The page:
Jonathon Niese struggles as Mets routed by Pittsburgh Pirates on Banner Day

Mets starting pitcher Jon Niese leaves the field

Mets starting pitcher Jon Niese leaves the field after being taken out in the fifth inning against the Pittsburgh Pirates in a baseball game at Citi Field. (May 11, 2013) (Credit: Kathleen Malone-Van Dyke)

For the Mets, there is Matt Harvey, and there is everybody else. And on what should have been a festive occasion Saturday, the Pirates showcased the massive drop-off that takes place when anybody but Harvey takes the mound.

The Mets absorbed an 11-2 loss to the Pirates, who spoiled Banner Day by battering left- hander Jonathon Niese for eight runs, tying the highest total of his career. He lasted just 41/3 innings, becoming the latest member of the rotation to dump more work off on a fatigued corps of relievers.

"It is a pretty big problem because our bullpen's shot," manager Terry Collins said.

Niese insisted he felt no ill effects from a knot that caused stiffness in his back. However, he said pitching through it earlier this season led to bad habits that have wrecked his mechanics. All but one of the eight hits he allowed was smoked.

"I'm not really deceiving anybody right now," Niese said. "No pitcher wants to go through it but it's reality right now. I've got to change it."

Meanwhile, the sputtering Mets offense offered little resistance against Francisco Liriano, who allowed one run while scattering six hits in 51/3 innings. By the time he left his first start of the season, the outcome was no longer in doubt and the only drama remaining involved settling a score from the previous night.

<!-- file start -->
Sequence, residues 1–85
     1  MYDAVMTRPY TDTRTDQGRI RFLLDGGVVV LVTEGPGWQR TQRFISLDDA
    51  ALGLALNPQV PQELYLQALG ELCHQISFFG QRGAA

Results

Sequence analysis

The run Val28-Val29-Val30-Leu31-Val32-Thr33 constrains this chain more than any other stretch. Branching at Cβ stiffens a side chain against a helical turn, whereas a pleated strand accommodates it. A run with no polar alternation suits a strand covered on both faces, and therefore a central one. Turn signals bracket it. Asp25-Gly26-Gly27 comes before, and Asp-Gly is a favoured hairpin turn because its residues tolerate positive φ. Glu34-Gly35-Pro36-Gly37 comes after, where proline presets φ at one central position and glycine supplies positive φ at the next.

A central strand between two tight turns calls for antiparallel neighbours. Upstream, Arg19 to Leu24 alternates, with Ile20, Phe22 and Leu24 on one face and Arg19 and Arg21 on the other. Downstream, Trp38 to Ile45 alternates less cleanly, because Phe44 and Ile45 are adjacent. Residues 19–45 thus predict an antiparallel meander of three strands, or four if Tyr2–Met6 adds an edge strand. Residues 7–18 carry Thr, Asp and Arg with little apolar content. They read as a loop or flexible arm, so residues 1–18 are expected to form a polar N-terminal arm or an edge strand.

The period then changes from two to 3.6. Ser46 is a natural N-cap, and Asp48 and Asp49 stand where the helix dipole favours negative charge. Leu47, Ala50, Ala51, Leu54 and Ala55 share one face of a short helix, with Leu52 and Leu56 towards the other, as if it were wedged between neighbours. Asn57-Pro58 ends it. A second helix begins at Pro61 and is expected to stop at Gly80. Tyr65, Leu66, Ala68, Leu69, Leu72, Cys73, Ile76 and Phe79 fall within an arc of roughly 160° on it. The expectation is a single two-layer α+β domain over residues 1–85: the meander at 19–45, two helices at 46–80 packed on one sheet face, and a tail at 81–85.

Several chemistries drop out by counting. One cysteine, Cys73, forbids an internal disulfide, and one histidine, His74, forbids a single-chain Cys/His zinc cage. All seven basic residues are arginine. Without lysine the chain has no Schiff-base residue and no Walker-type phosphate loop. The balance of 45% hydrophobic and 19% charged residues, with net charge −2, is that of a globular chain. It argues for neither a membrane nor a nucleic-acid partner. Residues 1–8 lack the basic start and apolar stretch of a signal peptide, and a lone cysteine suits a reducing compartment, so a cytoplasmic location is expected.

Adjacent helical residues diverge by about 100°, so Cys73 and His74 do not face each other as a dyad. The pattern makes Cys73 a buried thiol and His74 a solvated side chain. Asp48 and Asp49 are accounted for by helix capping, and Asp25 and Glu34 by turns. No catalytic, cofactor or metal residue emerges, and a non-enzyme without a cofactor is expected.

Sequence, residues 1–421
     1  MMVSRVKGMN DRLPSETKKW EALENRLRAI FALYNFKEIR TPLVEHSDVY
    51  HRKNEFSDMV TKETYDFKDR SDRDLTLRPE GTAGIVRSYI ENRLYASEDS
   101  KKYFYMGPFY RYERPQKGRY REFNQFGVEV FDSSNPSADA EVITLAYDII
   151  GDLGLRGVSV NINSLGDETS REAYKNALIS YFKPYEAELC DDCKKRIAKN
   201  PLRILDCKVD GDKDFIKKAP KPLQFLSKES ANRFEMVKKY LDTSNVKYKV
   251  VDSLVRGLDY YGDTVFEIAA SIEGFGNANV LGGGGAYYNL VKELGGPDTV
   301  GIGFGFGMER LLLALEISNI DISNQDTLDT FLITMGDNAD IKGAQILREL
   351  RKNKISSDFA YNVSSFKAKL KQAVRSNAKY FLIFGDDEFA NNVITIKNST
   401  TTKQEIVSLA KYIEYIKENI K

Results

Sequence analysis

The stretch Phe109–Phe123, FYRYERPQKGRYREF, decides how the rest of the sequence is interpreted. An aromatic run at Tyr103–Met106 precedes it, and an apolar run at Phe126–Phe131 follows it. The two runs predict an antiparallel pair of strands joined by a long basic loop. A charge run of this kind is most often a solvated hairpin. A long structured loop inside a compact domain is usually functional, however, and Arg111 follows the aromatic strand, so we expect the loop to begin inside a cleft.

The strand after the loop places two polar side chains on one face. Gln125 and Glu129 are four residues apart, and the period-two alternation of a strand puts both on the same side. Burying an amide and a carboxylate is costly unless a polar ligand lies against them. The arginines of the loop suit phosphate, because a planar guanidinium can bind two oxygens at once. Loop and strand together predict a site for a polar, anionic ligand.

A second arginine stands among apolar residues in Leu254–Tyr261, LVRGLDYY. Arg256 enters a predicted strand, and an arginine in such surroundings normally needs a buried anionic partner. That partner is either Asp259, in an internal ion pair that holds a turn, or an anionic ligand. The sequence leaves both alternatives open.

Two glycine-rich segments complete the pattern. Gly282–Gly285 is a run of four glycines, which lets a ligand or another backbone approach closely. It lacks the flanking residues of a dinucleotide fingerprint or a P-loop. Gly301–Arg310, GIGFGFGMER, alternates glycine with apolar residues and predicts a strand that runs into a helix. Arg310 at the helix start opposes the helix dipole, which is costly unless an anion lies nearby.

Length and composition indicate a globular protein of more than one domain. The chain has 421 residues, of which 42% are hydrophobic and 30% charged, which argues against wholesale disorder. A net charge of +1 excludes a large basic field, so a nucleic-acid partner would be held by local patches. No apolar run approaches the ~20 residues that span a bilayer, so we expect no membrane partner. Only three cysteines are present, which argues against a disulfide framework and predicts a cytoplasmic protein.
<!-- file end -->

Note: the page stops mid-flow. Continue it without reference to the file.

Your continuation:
Pirates reliever Bryan Morris drilled pinch hitter Jordany Valdespin with a 94-mph pitch in the seventh inning, which the Mets took as retaliation for the utilityman's showboating following a meaningless homer late in the Friday's blowout loss.

Of course, the Pirates might not have had the chance for retribution had Niese kept the game competitive.

The Mets hoped Niese would emerge as a worthy arm to go with Harvey atop the rotation, especially when Johan Santana was lost to shoulder surgery. It was Niese who started on Opening Day. But he has allowed 15 runs in his last two outings.

"I'm not worried about Jon," said Collins, who believes that Niese can still regain his form by ironing out his mechanics.

Nevertheless, Collins was forced to make concessions due to Niese's struggles. Already playing a man short because Jeurys Familia is battling biceps tendinitis, Collins was forced to use reliever Scott Atchison, even though he planned to give him the day off.

"It's a tough time to go through this," said Niese, who only underscored the growing performance gap between Harvey and his teammates.

Harvey is 4-0 with a 1.28 ERA. He has averaged seven innings per start while allowing opponents to hit just .133. In his seven starts, the Mets are 6-1.

By contrast, the rest of the team's starters are 8-14 with a 5.59 ERA and an average of just five innings per appearance. Opponents are hitting .304 against the team's other starters and Saturday's loss dropped the Mets' record to just 8-18 in games not started by Harvey.

"We're good [today]," Collins said of Harvey, who starts Sunday's series finale. "I know Matt will give us innings. That will help."

Past that, the Mets have precious few assurances.

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